Fifty years ago, it would have been quite easy to figure out the most powerful employer in a city – a carmaker, perhaps, or a steel mill. Or the corporate headquarters of a giant bank or insurer. Obviously, the intervening decades have meant profound change for cities and their economies. Manufacturing has largely disappeared, and many corporate headquarters fled downtowns for easy-to-access, tax-friendly suburban locales.
Those trends have led city leaders and others to pay greater attention to the institutions that in many places now wield the greatest influence – as employers, as developers, as purchasers of goods and services and as sources of creativity and innovation. These are institutions of higher learning, medical research and the arts: colleges, universities, hospitals and arts organizations.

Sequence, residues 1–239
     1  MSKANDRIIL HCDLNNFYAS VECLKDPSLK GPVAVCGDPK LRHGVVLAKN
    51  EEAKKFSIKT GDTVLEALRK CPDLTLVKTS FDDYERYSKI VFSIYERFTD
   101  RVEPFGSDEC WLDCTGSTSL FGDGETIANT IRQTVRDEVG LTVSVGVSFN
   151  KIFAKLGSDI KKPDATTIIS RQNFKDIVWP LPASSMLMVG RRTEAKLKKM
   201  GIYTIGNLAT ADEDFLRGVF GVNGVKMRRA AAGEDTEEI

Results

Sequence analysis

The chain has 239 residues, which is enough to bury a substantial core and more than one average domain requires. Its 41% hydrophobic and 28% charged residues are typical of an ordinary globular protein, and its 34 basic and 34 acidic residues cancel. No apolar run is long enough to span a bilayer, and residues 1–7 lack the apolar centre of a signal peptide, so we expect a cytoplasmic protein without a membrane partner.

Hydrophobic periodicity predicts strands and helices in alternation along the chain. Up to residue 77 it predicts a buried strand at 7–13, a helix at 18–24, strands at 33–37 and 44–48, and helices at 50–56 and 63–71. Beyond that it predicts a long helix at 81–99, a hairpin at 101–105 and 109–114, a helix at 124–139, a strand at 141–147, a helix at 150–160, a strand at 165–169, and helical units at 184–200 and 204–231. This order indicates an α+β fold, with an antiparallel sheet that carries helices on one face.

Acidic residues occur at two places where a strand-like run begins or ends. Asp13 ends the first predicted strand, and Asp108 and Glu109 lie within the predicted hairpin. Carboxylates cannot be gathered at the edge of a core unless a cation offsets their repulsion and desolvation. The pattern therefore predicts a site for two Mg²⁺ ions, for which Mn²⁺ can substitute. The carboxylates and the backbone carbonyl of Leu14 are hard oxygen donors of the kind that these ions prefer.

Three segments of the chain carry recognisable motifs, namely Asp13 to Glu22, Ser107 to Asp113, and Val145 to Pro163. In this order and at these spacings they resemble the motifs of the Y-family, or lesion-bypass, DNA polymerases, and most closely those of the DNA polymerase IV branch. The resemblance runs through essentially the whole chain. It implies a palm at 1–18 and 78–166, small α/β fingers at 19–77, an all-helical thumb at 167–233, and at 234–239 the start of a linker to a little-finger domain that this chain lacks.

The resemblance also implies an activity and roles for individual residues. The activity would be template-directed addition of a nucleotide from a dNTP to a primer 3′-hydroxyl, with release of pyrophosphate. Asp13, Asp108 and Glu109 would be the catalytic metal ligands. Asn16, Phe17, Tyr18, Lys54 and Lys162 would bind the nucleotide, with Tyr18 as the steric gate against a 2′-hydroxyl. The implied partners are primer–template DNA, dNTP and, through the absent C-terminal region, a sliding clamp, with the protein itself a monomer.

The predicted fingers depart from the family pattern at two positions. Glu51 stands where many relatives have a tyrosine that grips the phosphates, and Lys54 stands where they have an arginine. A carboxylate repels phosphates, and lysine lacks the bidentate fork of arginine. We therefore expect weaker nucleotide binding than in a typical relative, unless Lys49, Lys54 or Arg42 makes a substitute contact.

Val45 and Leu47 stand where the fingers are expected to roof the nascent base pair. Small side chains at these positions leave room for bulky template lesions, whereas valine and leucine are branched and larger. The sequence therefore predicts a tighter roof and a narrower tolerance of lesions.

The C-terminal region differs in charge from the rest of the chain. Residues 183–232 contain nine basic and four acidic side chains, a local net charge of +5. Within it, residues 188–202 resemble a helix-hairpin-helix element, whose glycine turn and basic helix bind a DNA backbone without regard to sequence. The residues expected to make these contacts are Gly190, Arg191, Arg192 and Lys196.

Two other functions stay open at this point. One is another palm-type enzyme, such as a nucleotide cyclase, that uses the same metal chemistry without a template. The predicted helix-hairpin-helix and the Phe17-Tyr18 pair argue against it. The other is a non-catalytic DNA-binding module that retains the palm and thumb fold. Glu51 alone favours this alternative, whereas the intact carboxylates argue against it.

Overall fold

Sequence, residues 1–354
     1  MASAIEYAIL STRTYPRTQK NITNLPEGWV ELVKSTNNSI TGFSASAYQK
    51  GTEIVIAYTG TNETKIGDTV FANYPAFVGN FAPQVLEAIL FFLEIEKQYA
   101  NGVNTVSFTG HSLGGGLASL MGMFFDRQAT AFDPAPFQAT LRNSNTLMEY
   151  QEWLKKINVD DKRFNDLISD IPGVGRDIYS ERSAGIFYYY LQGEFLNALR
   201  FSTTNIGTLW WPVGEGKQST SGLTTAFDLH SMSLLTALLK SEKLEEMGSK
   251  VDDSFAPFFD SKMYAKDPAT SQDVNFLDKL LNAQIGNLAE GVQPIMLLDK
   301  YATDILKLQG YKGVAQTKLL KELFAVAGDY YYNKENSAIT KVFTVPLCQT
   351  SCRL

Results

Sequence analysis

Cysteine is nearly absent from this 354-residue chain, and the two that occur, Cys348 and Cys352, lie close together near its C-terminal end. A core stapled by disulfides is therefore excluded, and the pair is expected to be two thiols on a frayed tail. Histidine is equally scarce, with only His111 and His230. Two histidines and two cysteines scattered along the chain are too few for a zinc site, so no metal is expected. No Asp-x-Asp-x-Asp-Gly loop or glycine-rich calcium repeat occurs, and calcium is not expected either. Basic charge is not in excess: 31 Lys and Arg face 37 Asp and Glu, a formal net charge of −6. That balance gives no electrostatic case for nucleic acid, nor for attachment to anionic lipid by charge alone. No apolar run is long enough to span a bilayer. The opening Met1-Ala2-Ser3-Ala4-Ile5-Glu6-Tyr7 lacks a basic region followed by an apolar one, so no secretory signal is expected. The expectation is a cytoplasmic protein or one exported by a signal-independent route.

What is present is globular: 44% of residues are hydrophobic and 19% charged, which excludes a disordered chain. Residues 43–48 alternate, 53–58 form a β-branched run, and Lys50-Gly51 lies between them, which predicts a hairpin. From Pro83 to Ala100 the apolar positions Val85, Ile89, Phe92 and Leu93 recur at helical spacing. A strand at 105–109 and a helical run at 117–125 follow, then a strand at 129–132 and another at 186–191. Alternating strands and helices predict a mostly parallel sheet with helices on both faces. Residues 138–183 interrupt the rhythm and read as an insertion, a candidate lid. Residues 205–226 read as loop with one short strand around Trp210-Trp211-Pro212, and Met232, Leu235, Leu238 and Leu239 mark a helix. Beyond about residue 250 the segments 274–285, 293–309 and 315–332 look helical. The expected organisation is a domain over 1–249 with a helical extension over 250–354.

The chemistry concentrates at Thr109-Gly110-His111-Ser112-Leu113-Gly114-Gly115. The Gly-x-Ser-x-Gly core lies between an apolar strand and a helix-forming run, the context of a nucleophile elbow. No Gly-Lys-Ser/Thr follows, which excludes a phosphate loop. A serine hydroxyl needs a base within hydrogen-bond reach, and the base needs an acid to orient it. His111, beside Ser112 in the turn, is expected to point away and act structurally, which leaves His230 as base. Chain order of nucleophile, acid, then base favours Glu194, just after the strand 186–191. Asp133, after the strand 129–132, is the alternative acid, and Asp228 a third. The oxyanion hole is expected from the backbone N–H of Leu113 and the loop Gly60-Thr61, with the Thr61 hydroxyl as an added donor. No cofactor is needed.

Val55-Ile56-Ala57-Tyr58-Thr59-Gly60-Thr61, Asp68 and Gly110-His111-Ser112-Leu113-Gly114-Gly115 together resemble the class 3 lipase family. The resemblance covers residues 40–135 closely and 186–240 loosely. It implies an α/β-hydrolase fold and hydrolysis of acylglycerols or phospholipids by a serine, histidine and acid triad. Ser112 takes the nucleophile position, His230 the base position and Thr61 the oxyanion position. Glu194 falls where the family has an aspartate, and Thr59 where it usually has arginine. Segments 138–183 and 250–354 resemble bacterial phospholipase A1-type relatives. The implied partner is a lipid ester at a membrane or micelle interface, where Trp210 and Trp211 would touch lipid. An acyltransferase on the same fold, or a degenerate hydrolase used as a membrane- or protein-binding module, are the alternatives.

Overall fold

These have become known as anchor institutions – anchored by place. Quite simply, they will never move and are highly motivated to invest in place. This report, a joint project by CEOs for Cities and Living Cities, is an effort to take a look at what six such institutions have done – to examine how they function as community anchors and developers, as forces for making change and boosting the prospects of not just their campuses, but their neighborhoods.